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Blocked! How the Firewall of Britain is censoring the internet

Internet filters in Britain are blocking charities and feminist websites...

Ruth Coustick-Deal
19 December 2014
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Last week the website of Chaos Computer Club, a European association of hackers who run the immense annual Chaos Communications Congress event, was blocked by parental filters on Vodafone, Virgin and Three. Although some access to CCC has been returned, if you are in the UK you still won’t have access to many sites, such as Pregnancy Sickness Support, Everlasting Flowers or HotWheels.com, depending on who your Internet Service Provider is.

Filters in the UK are default-on for mobile phones but are opt-in on ISPS- albeit they attempt to nudge parents into accepting. They may seem like a good idea, but in reality filters block much more than they are supposed to.

CCC suggested that they were victims to extremist blocking in the UK. However, it is likely that it was the use of the word ‘hacking’, a category several Broadband providers block for under-18s, that was the cause. CCC write about computer skills and education, much of it aimed at young people; it might be edgy, but it is highly debatable that it is adult-only.

Although the ISPs were told by David Cameron to set up filters to stop the smutty, what actually gets blocked can seem all too random, especially when some services don’t tell you why a site has been blocked. Had Vodafone provided a tool that told you why they block, we wouldn’t have to speculate on what happened to Chaos Computer Club.

Britain has many levels of web blocking and online censorship. Firstly, illegal child abuse images are blocked, based on lists produced by the Internet Watch Foundation. Then there are court orders which rule that specific websites (around 100) must be blocked, usually for copyright reasons. But the filters that affected CCC are those that block legal content. Introduced as ‘one-click to safety’ by David Cameron in 2013, the Government persuaded Internet Service Providers to implement filters, which block ‘adult content’ at the network level, and once opted-in there is one level of access per household.

Although that initial announcement was sold as preventing minors accessing pornography, they inevitably included a range of other categories: from alcohol and gambling to dating and blogging. Just a few weeks ago the Government put the pressure on to expand the filters again into ‘extremist material’. He said in his announcement, "In the UK we are pushing them [ISPs] to do more, including strengthening filters" proving once again that if a censoring mechanism is set up it will be used to enforce the Government’s world view.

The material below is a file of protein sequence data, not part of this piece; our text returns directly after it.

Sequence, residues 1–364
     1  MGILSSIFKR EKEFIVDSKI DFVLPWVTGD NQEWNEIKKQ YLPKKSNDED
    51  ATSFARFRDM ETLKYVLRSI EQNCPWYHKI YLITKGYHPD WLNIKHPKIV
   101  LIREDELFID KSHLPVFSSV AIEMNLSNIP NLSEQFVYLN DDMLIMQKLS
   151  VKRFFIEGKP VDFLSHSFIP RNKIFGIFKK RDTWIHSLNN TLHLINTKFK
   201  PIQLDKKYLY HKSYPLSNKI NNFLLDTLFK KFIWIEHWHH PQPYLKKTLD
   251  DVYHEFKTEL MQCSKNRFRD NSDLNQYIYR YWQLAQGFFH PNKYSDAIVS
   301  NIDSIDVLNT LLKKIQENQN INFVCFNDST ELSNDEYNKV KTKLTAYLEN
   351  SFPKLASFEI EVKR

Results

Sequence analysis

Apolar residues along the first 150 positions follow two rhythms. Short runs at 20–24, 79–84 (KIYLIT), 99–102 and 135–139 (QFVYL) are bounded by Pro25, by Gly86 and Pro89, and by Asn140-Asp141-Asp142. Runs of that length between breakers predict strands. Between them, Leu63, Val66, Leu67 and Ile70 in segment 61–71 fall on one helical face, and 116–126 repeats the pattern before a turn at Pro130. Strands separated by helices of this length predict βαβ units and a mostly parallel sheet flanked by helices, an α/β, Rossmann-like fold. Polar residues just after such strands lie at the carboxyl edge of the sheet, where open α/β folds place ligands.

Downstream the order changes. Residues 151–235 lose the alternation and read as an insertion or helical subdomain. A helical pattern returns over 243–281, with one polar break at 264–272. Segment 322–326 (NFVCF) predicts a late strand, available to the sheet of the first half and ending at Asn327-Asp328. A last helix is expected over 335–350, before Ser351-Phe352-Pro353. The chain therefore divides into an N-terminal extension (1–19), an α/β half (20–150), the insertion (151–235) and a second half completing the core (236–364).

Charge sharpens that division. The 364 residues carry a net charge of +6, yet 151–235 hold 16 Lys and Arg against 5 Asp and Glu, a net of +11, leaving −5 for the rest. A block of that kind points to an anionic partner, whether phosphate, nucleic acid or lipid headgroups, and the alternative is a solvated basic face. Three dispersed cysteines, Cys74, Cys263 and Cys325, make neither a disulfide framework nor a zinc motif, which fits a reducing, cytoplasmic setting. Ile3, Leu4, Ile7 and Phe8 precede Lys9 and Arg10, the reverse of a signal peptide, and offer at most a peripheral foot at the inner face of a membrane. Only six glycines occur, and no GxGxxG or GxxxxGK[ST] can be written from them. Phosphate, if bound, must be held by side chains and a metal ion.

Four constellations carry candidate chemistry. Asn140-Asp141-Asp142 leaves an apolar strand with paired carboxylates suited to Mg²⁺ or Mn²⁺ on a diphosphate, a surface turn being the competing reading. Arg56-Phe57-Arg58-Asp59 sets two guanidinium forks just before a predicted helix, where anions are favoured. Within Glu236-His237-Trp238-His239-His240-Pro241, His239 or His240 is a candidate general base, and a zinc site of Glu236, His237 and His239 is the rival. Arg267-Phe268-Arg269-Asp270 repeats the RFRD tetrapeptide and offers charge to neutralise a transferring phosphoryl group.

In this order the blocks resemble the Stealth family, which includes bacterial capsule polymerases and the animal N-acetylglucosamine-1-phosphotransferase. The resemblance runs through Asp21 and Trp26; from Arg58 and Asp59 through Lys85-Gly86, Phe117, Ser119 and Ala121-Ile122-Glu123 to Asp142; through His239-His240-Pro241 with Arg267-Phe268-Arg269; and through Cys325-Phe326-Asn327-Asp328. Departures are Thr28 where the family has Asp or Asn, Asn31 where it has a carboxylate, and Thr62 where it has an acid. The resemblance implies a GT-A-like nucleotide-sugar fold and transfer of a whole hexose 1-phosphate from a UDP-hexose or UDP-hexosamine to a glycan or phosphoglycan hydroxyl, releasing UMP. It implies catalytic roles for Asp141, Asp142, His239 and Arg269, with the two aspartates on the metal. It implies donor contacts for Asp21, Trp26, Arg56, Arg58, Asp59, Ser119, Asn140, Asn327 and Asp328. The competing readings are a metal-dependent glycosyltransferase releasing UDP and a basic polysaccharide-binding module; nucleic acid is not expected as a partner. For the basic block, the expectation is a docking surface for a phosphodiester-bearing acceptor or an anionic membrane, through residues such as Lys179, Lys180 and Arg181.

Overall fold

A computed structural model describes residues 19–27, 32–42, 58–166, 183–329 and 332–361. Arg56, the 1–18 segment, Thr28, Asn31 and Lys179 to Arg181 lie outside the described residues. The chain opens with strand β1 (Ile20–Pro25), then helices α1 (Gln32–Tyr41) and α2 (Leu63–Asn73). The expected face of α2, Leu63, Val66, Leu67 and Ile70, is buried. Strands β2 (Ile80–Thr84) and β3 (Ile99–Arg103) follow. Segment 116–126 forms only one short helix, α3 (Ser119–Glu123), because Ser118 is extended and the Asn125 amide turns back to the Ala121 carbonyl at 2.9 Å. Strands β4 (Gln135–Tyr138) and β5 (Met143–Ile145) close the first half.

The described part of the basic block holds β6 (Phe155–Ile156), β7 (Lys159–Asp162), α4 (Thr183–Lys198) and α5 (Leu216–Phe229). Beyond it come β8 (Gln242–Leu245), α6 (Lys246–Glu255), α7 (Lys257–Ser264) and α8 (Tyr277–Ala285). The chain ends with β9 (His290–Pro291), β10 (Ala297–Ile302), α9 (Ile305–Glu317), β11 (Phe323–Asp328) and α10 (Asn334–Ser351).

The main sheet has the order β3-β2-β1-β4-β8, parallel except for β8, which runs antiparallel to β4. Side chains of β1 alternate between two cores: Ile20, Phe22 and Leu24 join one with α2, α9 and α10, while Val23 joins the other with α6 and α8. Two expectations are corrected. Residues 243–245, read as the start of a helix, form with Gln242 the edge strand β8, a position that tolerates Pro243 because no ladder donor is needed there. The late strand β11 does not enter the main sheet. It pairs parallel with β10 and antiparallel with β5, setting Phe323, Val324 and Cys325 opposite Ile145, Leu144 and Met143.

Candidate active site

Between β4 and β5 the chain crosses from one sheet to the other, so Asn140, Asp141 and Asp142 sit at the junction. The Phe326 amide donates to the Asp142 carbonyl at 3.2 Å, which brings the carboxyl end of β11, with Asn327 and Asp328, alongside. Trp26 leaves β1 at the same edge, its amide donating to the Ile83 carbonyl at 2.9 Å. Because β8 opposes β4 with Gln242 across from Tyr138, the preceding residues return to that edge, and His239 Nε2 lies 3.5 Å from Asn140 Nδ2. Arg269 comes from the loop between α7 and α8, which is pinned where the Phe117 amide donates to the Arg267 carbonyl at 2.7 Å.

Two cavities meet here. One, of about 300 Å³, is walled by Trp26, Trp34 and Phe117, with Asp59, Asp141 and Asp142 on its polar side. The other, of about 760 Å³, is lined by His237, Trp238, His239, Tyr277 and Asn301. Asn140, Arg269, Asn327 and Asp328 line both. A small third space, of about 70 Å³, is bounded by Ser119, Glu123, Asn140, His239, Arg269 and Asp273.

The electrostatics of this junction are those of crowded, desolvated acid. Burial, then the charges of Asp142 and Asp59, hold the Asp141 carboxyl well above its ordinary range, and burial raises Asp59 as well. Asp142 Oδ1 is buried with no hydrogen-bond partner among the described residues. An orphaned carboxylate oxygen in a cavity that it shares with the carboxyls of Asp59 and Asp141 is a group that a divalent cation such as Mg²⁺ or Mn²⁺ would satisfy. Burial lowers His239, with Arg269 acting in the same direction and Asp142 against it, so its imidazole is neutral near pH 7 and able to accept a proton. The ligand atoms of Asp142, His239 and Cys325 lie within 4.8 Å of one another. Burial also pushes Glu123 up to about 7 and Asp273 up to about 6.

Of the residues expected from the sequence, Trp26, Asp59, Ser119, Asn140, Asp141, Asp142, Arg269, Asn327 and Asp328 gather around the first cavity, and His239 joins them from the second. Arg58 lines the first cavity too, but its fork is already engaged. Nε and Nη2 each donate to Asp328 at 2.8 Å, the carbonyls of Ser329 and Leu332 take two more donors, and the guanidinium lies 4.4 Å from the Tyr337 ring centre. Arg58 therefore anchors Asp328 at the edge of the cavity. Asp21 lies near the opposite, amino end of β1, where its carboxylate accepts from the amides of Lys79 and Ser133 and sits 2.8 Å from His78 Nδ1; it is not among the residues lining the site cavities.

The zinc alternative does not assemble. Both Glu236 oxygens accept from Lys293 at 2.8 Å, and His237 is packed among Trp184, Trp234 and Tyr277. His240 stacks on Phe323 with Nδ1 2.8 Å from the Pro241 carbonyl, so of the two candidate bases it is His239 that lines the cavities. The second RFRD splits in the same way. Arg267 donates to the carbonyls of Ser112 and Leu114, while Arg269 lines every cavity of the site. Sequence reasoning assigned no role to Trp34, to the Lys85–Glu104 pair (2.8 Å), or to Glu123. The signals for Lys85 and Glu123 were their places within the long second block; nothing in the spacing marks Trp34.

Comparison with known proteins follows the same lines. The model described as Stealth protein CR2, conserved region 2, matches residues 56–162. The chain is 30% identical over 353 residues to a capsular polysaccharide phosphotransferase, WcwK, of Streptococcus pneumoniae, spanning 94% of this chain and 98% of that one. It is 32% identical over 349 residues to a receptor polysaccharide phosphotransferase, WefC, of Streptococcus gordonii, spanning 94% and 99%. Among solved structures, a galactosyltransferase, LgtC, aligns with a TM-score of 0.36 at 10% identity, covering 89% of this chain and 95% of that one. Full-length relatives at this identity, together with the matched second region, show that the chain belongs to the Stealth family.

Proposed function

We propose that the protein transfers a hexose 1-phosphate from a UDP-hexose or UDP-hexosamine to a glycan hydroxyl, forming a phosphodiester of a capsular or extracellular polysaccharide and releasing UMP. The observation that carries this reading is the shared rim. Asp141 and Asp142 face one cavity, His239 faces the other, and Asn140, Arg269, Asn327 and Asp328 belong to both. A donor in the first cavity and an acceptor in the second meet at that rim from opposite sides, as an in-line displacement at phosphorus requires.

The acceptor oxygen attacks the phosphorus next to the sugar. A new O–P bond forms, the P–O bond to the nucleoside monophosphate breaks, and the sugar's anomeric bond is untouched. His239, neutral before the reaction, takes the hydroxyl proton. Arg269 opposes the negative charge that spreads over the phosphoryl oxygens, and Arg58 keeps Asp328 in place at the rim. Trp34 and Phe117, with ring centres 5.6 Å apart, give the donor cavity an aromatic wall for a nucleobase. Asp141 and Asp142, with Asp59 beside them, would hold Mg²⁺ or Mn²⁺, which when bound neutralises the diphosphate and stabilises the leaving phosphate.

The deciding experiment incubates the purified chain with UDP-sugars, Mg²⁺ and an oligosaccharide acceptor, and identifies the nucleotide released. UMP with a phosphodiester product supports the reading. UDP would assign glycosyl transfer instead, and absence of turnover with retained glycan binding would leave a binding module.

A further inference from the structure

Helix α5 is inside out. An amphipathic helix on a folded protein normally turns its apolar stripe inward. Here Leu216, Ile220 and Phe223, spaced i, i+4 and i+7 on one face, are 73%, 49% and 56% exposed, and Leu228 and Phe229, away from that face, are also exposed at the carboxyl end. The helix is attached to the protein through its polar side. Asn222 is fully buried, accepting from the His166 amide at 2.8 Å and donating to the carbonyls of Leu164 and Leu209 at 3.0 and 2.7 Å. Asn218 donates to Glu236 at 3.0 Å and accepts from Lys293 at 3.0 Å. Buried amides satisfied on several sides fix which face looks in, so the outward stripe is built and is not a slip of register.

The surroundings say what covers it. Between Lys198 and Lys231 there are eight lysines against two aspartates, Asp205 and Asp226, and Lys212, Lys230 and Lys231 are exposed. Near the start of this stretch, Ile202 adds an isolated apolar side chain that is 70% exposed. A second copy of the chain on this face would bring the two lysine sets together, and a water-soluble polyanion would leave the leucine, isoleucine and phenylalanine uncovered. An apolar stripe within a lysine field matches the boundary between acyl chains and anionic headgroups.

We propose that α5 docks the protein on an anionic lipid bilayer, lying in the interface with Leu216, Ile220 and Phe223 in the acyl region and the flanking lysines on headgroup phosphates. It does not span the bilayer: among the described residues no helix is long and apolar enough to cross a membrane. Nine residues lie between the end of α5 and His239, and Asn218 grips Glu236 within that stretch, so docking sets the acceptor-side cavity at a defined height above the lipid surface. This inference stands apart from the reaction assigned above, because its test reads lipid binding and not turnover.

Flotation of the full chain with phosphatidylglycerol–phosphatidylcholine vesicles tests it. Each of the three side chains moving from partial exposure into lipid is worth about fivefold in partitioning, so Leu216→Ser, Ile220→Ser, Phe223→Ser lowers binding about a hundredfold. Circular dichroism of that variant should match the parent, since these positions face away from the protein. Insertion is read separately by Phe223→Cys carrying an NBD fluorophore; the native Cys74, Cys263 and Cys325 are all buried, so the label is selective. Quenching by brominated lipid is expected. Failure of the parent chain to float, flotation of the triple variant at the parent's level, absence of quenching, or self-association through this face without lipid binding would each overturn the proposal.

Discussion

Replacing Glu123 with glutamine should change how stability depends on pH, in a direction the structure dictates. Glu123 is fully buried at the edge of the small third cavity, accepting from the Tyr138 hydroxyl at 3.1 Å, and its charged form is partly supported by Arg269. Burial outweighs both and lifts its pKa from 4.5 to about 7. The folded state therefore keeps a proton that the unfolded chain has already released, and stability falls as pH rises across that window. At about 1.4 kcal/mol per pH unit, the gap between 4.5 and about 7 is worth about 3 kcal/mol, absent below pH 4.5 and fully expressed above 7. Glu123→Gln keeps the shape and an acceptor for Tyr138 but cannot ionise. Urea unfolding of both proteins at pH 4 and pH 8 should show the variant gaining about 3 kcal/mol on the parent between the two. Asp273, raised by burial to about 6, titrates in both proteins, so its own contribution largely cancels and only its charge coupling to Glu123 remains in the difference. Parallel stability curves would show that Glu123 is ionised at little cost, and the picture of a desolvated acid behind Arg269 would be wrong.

Filtering is more complex than just switching off access to anything mildly questionable. This is where the randomness factor sets in. It’s left to the judgement of largely foreign companies, to whom the filtering task is outsourced, as to how to categorise sites. However, human communications cannot be easily divided into the ‘good’ and the ‘bad’. The result of ambiguity is ‘over-blocking’, where sites are filtered out through key word misunderstandings, and ‘under-blocking’, where actual porn is undetected.

The problem we face here is the lack of transparency over web filtering;  there is no oversight around blocking and no review process.

CCC is in a privileged position, despite being censored. With the support of advocates like BoingBoing and the media their site was switched back on by Vodafone on the 7th December, just days after reporting the problem. But smaller sites are less lucky, especially if they don’t know that they’re blocked. Each ISP applies their filtering differently. A business owner who has Virgin on her computer doesn’t know her website is being blocked on BT. If she’s not a customer of theirs she’ll have no easy redress to get the block removed. Even if she was a customer, they often unhelpfully suggest that she adds the site to her exclusion list – which is only effective on that computer.

What Open Rights Group is doing is seeking to expose the filtering, and campaign for free speech online. This year ORG volunteers built www.blocked.org.uk. Based on free software, the website allows you to type in a URL and check whether or not it is blocked by any of the UK’s mobile networks and most of the UK’s home broadband networks.

One particular concern was that because many charities work to respond to issues surrounding dugs, sex education, smoking, mental health and abuse, their websites would contain keywords likely to be blocked. Using Blocked we found that at least 54 registered charities in Scotland have websites that are blocked by one or more of the main UK ISPs.

These include the Say Women project in Glasgow which offers: "safe, supported accommodation and related services for young women, aged 16-25 years, who are survivors of childhood sexual abuse, rape or sexual.”A Dundee equalities project called Different Visions Celebrate that works with Under 25's "who have any issues or concerns due to their sexuality or the sexuality of a family member" was also blocked. We’ve even seen a lot of sites relating to feminism blocked, and in July 2014 Three blocked a piece on maternity leave in Jezebel.

As long as filtering is pushed out by the Government we will continue to see more and more websites censored. There needs to be a legal framework, not a behind closed doors policy in which David Cameron or Theresa May can add a new type of site to be blocked in the UK every week. If you would like to get involved, please share our Blocked tool, and find out if your website is blocked in the UK.

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